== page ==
MANHATTAN (CN) – In her final few months at the State Department, Hillary Clinton blended into a wall of flag drapery in Singapore and gave a shout-out to the big corporations of America.
“We’re proud to go to bat for the Boeings and Chevrons and General Motors and so many others,” Clinton told her audience in the fall of 2012.
At the time, Chevron had great need of a strong batting arm on the international field. The oil giant has been found responsible for an environmental disaster in the tropical northeast of Ecuador.
Lago Agrio, the city where the $9.8 billion verdict for a group of Ecuadorean villagers came down, demonstrates ties to the oil companies just with its name, as a translation of Sour Lake, the Texas base for Texaco, which Chevron acquired over a decade ago.
The long and winding road of the Lago Agrio litigation before and since that judgment turns on fundamental notions of law on international enforcement of foreign judgments, collateral attacks on those judgments, and the reach and power of U.S. courts. Along that path, it has been shadowed by the more obscure intrigues of politics and money.
As Chevron fought liability in U.S. and foreign arenas, the historically Republican political donor also began contributing millions of dollars to State Department projects in a Democratic administration. With Clinton at the State Department’s helm, from 2009 through early 2013, a number of initiatives her agency advanced received multimillion-dollar contributions from Chevron.
For years before and after her tenure, the State Department published human rights reports that criticize the Ecuadorean justice system as susceptible to corruption. The distinguishing feature of the reports during Clinton’s tenure is the advocacy in favor of Chevron through direct references to its legal fight, within the criticism of Ecuador’s legal system.
Those reports then came in handy when Chevron went into federal court in New York and successfully attacked the Lago Agrio award.
In a ruling last year, U.S. District Judge Lewis Kaplan relied in part on the reports to find that the Ecuadorean judgment was obtained by “corrupt means.” He also ordered, through a trust and an injunction, that any proceeds from the massive award be returned to Chevron.
This order puts a legal roadblock in front of any effort to collect on the Lago Agrio judgment.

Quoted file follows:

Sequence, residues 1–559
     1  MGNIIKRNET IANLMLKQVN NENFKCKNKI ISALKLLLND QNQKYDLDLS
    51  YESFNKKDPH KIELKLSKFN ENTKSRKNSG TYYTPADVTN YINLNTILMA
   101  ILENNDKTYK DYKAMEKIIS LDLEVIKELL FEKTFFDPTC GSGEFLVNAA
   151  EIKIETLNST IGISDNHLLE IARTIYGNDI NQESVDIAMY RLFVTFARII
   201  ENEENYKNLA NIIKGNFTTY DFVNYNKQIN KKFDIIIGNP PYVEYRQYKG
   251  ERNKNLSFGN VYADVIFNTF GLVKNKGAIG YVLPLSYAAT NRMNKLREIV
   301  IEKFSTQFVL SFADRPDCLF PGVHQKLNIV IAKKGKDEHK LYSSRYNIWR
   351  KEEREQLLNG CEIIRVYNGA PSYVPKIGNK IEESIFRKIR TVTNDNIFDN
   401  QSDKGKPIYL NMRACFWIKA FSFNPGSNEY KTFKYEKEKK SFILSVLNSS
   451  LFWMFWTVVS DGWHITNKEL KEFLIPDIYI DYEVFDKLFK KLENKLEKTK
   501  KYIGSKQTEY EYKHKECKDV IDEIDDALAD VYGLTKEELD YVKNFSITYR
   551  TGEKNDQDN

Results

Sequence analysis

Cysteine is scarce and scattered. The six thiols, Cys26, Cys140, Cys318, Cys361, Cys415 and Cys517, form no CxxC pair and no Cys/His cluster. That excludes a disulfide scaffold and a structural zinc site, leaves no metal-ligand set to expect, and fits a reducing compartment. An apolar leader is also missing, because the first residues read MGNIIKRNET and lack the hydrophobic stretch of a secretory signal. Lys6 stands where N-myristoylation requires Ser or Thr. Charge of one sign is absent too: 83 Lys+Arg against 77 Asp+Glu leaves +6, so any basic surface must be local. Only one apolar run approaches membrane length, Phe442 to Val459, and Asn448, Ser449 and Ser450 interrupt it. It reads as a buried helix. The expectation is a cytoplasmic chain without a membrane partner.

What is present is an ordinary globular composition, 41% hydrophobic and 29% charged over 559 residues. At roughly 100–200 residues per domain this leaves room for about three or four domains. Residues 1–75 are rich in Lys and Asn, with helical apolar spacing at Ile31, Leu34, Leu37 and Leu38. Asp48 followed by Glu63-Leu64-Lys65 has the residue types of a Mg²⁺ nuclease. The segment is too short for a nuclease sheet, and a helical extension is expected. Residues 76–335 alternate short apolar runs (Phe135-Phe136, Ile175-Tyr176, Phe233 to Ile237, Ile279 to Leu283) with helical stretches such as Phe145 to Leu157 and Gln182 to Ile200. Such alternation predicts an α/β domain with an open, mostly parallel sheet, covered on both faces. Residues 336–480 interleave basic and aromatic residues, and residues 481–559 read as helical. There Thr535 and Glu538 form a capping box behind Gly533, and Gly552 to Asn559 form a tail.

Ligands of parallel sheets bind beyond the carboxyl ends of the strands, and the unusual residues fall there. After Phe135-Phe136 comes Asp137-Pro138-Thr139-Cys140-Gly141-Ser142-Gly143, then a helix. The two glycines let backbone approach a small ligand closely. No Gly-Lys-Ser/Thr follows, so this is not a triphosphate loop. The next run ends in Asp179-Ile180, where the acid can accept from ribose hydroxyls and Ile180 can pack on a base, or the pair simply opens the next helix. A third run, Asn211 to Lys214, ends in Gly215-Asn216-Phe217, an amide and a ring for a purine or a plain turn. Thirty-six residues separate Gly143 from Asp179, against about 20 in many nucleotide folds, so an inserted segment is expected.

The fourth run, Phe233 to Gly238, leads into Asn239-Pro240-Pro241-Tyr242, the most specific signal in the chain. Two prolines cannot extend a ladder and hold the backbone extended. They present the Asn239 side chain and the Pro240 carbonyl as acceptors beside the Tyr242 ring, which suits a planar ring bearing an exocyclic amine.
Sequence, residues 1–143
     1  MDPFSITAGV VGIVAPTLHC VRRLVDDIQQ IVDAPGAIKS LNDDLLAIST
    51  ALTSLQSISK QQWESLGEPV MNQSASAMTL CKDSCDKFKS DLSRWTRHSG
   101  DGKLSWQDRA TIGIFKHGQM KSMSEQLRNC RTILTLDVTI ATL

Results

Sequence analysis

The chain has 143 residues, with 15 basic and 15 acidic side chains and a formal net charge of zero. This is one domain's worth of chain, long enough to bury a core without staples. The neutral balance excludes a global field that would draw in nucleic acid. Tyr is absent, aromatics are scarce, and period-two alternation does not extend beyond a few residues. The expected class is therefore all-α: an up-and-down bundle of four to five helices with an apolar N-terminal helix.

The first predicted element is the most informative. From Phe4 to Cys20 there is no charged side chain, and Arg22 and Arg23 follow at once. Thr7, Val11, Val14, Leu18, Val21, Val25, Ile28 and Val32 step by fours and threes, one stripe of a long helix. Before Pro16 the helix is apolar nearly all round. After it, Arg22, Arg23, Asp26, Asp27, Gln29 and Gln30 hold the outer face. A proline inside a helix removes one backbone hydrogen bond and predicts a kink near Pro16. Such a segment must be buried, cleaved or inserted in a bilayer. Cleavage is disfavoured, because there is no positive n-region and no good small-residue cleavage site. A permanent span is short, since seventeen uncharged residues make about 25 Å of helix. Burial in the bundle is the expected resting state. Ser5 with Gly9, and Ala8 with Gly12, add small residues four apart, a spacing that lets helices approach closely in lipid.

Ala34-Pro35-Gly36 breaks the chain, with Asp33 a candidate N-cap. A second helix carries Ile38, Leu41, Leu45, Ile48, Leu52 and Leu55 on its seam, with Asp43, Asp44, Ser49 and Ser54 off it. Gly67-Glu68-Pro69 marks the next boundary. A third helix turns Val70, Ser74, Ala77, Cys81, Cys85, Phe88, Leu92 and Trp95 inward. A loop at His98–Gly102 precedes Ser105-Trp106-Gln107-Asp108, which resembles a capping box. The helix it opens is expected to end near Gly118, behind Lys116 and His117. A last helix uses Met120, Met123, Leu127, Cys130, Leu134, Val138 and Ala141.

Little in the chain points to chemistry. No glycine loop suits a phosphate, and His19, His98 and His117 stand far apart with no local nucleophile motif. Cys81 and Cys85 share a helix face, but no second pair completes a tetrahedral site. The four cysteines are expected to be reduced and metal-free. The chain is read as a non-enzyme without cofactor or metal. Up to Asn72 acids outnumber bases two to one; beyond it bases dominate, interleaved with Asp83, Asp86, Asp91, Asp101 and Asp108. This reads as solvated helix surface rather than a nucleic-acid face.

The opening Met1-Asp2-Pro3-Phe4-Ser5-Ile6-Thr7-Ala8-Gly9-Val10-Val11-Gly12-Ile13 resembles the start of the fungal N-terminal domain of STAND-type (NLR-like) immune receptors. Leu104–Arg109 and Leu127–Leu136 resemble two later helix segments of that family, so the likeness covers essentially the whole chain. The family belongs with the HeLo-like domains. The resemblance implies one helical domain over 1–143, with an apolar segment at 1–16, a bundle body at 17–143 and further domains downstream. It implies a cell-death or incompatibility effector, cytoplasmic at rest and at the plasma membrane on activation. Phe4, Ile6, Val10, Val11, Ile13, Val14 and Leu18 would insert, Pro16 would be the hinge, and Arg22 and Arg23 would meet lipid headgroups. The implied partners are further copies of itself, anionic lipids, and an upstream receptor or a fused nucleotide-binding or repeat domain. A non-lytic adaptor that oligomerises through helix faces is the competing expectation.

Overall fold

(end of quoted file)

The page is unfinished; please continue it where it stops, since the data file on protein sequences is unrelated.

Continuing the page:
Kaplan’s 485-page decision is currently awaiting a ruling from the Second Circuit U.S. Court of Appeals. The principal issues on appeal are whether the lower court judge overreached the limits of his power, and whether international comity requires respect for the foreign court’s ruling.
Going back to Clinton’s tenure at the State Department, Chevron was engaged in an intense round of government lobbying during that period. As reported by the Washington Examiner, the oil company’s lobbying expenditures hit a $20.8 million peak in 2009 when Clinton became secretary.
At that point, the Lago Agrio case was 6 years old, and during the remaining years of Clinton’s time at the State Department, Chevron was to pour more than $13 million into State Department projects. That spending was accompanied by large gifts to the Clinton Global Initiative, a charity run by the Clinton Foundation.
Chevron defends the contributions to State Department projects as appropriate engagement on business matters, and characterizes gifts to the foundation as an effort to give back to regions where the company drills for oil.
“There is no connection between our contributions to the Clinton Global Initiative and Chevron’s engagements with the U.S. State Department on appropriate business matters,” a Chevron spokesman said by email.
“The Clinton Global Initiative was one of the many partnerships and programs that the company has had or maintains to advance our aim to build communities by investing in health, education and economic development in the areas where we do business,” spokesman Morgan Crinklaw added.
While Crinklaw declined to comment specifically on the donations to State Department projects, Clinton herself showed no such reticence.